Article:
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Lightning Animations (492 videos)


--January is the middle month of meteorological winter in the Northern Hemisphere, and of spring in the Southern Hemisphere. --By tracking the latest hours in white, the overhead sun can be seen moving E to W on a daily basis. --Thunderstorms travel W to E over the middle and higher latitudes in both hemispheres, and more slowly from E to W in many locations in the tropics. ~Ron Holle

Feb 3, 2016 Webmaster Archive

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Northern Hemisphere --Australia has thunderstorms every day in the form of sea breezes, cold fronts, and squall lines. --Cuba, Hispaniola, and Central America are usually free of lightning. --India and China have minimal January lightning except for a few small storms. --Lightning is almost entirely absent in Canada, Alaska, northern Europe, Russian, China, and the Sahara south of the Mediterranean. ~Ron Holle

Feb 5, 2016 12:28:05 AM Dave Fincher

Southern Hemisphere --The Andes provide a sharp western boundary in a NNW-SSE line and no lightning occurs over the cold water offshore of the Andes. --Daily thunderstorms over Brazil often have a generally counter-clockwise pattern but individual storms do not travel far. --The South Atlantic and South Pacific Oceans are nearly lightning-free. --Long west-to-west lines of lightning extend offshore from Argentina into the South Atlantic. --The eastern tip of Brazil has lightning on many days. ~Ron Holle

Feb 5, 2016 12:28:23 AM Dave Fincher

Tropics --The equatorial trough, also called the Intertropical Convergence Zone, is in an east-west alignment. It is well defined from Malaysia eastward in the Pacific, but less organized over the Atlantic, western Pacific, and Indian Oceans. --The northern edge of African lightning activity has shifted to mostly south of the equator. --The major islands and land areas of Southeast Asia have thunderstorms on most afternoons due to sea breezes and along mountain slopes. ~Ron Holle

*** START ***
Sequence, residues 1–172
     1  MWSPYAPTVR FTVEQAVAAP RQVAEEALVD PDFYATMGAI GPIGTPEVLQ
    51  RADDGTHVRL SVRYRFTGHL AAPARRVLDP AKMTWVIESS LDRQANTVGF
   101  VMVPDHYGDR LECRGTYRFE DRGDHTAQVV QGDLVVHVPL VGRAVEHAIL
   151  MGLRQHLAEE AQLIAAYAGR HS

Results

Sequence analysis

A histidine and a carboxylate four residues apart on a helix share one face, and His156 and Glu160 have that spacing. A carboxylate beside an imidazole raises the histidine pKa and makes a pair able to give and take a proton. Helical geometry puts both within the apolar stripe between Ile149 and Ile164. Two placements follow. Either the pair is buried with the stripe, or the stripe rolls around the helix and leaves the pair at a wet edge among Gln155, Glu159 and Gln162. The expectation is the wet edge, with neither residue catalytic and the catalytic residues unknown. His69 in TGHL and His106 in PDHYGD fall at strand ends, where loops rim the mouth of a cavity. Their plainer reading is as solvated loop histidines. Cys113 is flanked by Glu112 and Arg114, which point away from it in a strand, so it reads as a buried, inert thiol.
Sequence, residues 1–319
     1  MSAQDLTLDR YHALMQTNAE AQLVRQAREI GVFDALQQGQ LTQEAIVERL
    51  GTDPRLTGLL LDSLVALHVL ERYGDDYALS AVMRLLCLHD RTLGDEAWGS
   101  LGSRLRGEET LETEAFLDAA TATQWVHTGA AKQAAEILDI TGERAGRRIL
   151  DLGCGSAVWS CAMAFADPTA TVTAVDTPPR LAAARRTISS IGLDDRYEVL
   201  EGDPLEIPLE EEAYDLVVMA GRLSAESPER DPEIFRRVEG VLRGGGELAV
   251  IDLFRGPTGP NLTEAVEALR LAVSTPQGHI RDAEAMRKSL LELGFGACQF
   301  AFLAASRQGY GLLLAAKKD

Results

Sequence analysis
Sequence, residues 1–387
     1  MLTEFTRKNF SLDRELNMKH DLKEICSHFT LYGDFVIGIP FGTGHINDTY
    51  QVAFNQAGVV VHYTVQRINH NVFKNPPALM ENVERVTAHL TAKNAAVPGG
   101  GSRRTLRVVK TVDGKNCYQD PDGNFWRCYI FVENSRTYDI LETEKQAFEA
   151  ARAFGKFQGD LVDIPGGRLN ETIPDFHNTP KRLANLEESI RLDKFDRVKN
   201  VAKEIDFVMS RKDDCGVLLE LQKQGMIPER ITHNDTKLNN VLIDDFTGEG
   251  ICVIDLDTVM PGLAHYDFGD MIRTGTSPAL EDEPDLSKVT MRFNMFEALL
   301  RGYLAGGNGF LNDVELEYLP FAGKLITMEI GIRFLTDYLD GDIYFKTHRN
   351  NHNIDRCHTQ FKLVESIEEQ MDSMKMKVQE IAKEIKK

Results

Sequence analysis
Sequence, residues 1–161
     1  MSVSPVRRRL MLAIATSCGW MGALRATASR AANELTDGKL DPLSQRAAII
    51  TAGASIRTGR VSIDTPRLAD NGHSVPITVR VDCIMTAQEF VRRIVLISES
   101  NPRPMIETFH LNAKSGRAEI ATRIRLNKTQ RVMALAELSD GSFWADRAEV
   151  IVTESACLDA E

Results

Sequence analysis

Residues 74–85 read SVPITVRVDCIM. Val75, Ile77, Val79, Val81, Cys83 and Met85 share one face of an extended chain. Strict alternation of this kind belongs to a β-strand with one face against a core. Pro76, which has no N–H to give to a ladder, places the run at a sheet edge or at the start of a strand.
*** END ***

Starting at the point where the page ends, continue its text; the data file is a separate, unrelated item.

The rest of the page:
Feb 5, 2016 12:28:39 AM Dave Fincher

--01 to 05 January: Storms form daily on the eastern slope of the Andes in Argentina. --02 to 05 January: Frequent lightning over and east of Japan. --03 January: The farthest south lightning occurs south of Ushuaia, Argentina over Antarctica. --06-09, & 15-20 January: Cyclonic circulations over the Mediterranean Sea travel from Spain or Italy eastward to Israel. --07 to 08 January: A series of three El Nino storms is over the southern U.S.; one off the Florida coast, one in Texas, and a third near Tucson. --08 to 11 January: Over the North Pacific, several clusters and long lines of thunderstorms move west to east. Similar events occur at other times during January. --17 to 20 January: A squall line moves west to east across Western Australia. --20 to 24 January: A long swath of lightning extends over the North Atlantic, consisting of numerous individual long-path storms. --21 to 23 January: A long line of lightning extends from southeast Australia to the South Island of New Zealand. ~Ron Holle

Feb 5, 2016 12:31:19 AM Dave Fincher